Students React To Study Explaining The Decrease Of Marriages

Gabriela Moncada walks with her boyfriend Michael as they head to dinner. "It’s crazy how some people think it’s a red flag when women in their late twenties and thirties don’t have a ring on their finger," she said.
Gabriela Moncada walks with her boyfriend Michael as they head to dinner. “It’s crazy how some people think it’s a red flag when women in their late twenties and thirties don’t have a ring on their finger,” she said. Natasha Zapata / WUFT News

People aren’t getting married as much as they used to.

In 1960, only 1 in 10 adults aged 25 and older had never married, according to the Pew Research Center.

In 2012, that number stood at 1 in 5.

Researchers for The Brookings Institution, a nonprofit public-policy organization based in Washington, D.C., recently found that one reason behind the marriage decline may be higher expectations from women who are pursuing college degrees.

For every 100 college-educated women aged 25 to 35, there are 85 college-educated men, according to the study. That stands in contrast to every 100 employed, childless woman in that age group with a high school diploma; there are 257 employed men with a diploma in that category.

“These disparities are the result of women’s rising education levels,” the researchers wrote. “Women are now more educated than men, meaning that they will necessarily face a shortage of marriage partners with the same level of education…

“What we are likely to see in the future, then, is either women marrying  ‘down,’ educationally, or not marrying at all.”

Other reasons for the decline in marriage are weakened earnings among less-educated men, shifts in male behavior and the increased economic independence of women, like a higher percentage of women in the workforce, according to the study.

University of Florida nursing student Gabriela Moncada, 22,  doesn’t believe that women are looking to marry “down” educationally just yet.

She said she thinks marriage rates are decreasing because women are trying to be more independent, and therefore are increasing their standards for men.

“If you’re a woman that knows what you want out of your life, you’re not going to settle on just any guy for the sole purpose of being with someone,” Moncada said.

Bernardo Grisi, a 22-year-old paramedic student at Santa Fe College, said he can see how the independence of women would affect marriage rates.

“Nowadays, women have way more power and prestige than like 30 years ago or so,” he said.

Marriageability, as defined by sociologist William Julius Wilson, was once based on the ratio of employed men to all women of the same age. But because of cultural, economic and social changes, that definition is outdated, according to the study.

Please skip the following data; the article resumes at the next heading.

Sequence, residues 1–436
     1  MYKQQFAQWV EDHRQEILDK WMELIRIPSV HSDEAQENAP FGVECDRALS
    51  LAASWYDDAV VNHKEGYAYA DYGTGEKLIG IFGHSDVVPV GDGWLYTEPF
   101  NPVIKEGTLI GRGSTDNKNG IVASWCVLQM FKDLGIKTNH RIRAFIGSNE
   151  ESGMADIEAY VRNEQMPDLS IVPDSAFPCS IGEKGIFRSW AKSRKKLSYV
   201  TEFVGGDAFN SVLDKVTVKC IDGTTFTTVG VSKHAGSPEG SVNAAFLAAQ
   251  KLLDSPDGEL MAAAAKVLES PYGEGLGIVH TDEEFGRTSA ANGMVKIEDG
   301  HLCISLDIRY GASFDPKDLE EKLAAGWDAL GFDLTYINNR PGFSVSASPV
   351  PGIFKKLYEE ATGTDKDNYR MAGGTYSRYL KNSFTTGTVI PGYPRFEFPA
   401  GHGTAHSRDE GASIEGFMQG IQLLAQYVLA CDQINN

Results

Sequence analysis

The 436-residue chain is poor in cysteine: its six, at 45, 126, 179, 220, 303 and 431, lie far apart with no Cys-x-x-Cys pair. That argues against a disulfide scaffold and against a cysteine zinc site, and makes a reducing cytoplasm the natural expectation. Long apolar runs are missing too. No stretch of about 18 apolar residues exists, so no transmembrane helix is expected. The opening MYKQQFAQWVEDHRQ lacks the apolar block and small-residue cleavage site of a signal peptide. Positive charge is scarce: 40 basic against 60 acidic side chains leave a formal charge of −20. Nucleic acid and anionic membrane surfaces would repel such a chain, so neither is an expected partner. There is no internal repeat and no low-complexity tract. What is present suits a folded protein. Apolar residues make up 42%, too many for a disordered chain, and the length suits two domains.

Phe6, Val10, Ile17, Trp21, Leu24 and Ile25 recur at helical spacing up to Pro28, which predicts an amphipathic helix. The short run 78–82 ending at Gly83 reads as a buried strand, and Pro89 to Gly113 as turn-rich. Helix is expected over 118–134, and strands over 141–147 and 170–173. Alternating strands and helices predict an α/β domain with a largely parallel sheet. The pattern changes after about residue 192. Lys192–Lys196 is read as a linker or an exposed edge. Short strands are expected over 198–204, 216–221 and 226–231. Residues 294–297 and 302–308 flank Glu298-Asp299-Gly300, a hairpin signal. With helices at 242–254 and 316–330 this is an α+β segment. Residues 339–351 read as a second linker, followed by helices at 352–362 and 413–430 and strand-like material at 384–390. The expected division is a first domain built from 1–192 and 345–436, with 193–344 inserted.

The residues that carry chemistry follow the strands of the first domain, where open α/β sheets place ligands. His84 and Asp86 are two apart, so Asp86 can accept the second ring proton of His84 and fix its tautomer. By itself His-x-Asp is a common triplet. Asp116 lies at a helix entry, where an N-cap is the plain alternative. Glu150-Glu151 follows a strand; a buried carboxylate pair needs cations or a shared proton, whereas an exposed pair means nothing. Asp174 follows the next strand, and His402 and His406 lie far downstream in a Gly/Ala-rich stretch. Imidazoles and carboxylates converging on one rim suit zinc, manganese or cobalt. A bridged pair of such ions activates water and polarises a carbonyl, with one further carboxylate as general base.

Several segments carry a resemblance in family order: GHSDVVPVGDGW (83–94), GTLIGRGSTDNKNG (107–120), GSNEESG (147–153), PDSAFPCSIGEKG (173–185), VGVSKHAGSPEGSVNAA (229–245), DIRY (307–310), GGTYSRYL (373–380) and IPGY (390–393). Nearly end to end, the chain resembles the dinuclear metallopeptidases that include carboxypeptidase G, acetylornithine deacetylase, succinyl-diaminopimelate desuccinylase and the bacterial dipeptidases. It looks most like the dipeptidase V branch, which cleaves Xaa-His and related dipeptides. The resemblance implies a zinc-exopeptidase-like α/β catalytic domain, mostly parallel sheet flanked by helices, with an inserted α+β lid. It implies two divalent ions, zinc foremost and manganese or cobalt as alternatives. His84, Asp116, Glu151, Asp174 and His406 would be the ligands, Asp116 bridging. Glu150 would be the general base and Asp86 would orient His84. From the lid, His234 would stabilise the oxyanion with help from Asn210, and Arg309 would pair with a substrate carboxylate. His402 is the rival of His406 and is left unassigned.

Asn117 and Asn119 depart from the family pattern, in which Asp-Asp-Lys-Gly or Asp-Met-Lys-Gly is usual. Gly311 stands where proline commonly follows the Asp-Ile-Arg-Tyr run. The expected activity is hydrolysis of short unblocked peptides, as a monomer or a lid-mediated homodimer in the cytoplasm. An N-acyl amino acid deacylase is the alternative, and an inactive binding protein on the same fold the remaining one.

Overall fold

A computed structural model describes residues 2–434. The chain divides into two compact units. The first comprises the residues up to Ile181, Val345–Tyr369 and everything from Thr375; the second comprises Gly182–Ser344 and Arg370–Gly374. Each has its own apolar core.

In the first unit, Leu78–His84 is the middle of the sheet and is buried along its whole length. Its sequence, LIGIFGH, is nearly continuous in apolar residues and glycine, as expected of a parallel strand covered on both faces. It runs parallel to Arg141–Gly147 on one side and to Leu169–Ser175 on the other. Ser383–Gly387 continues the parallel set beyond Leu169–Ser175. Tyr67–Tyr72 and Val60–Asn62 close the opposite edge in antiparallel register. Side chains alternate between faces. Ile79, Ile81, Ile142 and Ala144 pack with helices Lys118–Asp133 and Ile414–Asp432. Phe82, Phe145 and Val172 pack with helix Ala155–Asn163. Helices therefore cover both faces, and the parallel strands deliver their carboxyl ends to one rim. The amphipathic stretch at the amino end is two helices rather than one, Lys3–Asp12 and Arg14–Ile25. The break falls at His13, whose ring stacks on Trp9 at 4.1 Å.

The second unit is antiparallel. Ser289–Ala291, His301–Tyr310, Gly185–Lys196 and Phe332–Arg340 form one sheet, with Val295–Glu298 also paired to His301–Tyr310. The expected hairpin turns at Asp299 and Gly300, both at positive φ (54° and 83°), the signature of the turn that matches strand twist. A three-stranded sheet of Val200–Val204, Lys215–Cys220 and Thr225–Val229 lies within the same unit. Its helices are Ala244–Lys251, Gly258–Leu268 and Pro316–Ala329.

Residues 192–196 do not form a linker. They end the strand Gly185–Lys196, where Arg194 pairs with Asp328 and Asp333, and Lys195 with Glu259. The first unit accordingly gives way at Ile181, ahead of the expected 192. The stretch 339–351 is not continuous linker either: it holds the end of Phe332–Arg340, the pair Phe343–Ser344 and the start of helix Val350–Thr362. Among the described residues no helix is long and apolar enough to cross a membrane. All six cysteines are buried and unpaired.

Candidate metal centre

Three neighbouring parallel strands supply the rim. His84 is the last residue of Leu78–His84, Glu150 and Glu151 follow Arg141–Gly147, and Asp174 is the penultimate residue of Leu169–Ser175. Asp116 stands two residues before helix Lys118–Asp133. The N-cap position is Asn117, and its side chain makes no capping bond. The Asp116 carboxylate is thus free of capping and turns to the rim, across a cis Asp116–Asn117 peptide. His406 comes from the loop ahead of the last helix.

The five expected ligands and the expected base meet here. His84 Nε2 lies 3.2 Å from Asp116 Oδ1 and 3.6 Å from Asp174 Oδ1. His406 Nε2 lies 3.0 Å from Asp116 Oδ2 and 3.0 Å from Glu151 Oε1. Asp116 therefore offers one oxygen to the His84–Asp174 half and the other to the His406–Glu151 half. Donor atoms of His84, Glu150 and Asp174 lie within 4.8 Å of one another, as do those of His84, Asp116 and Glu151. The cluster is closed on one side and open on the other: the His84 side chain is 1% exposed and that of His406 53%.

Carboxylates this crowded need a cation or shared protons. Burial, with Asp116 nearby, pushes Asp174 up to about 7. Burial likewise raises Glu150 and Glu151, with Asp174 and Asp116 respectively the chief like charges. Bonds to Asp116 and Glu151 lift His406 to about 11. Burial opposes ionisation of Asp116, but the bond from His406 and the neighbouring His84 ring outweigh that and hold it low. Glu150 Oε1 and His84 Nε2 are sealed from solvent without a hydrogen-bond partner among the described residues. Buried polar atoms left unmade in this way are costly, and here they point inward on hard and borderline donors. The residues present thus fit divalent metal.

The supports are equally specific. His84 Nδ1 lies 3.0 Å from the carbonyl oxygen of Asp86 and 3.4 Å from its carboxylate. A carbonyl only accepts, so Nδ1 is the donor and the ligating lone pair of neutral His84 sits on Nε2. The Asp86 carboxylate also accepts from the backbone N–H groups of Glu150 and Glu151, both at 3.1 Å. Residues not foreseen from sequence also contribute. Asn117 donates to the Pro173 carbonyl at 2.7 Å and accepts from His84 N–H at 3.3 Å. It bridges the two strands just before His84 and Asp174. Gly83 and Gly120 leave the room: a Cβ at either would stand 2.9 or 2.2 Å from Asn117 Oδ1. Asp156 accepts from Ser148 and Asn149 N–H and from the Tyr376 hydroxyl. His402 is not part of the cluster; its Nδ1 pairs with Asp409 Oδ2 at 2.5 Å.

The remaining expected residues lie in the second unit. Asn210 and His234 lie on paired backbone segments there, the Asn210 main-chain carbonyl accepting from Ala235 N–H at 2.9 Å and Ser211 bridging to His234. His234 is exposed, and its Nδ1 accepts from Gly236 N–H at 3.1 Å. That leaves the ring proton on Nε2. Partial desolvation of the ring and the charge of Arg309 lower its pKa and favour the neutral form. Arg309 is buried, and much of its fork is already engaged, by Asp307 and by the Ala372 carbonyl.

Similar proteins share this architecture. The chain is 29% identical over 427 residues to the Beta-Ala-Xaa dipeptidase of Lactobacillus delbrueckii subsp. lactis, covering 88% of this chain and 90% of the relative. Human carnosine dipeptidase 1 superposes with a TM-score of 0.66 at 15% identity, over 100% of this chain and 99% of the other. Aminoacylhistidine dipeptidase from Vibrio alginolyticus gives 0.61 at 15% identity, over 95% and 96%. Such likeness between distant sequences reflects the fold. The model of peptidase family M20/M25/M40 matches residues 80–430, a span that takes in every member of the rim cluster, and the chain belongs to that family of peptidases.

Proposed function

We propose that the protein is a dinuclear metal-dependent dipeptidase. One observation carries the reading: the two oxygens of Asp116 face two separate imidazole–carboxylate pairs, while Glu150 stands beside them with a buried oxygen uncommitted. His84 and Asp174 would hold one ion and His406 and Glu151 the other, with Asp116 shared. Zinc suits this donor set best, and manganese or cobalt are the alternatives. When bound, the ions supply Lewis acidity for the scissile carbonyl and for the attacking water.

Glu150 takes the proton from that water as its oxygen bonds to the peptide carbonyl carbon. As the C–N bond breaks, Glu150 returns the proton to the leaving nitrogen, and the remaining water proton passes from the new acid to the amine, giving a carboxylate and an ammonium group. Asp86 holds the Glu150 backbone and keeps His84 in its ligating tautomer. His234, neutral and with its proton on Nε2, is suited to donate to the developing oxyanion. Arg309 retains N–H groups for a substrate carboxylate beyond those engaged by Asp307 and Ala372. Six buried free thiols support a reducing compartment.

Grisi said he would define marriageability as being faithful, having the ability to compromise and being financially stable.

“The definition should be a two-way thing for men and women,” he said.

Martha Cordoba, a 21-year-old finance student at UF, said she feels college-educated women are more independent nowadays and worrying about themselves rather than men.

“I feel like women aren’t looking for men like they once were,” Cordoba said. “They’re not trying to start families at a young age. Instead, they are more focused on establishing their careers and their own lives.”

UF accounting student Daniela Wilson said women want partners who are successful or on the road to becoming successful.

“You want a partner that’s going to be stable, strong and balanced,” the 20-year-old said.

Something that Moncada, Cordoba and Wilson all recognized is that times have changed — and so have women.

“We live in a time now where we don’t need a man to live out our lives,” Moncada said. “It’s incredible how much has changed through the years.”

Wilson said with time, the concept of marriage has also changed.

“If you look at our parents and grandparents, they were probably married with children in their early twenties, and that wouldn’t be looked down upon,” she said. “Now, women are going to school, starting a career and then thinking about a family.”

Moncada said her views about marriage are skewed, but that is possibly because she grew up with divorced parents.

“To me, marriage is not a big thing,” she said. “If you find someone you want to be with for the rest of your life, you don’t need a piece of paper to declare that.”

About Natasha Zapata

Natasha is a reporter for WUFT News who may be contacted by calling 352-392-6397 or emailing news

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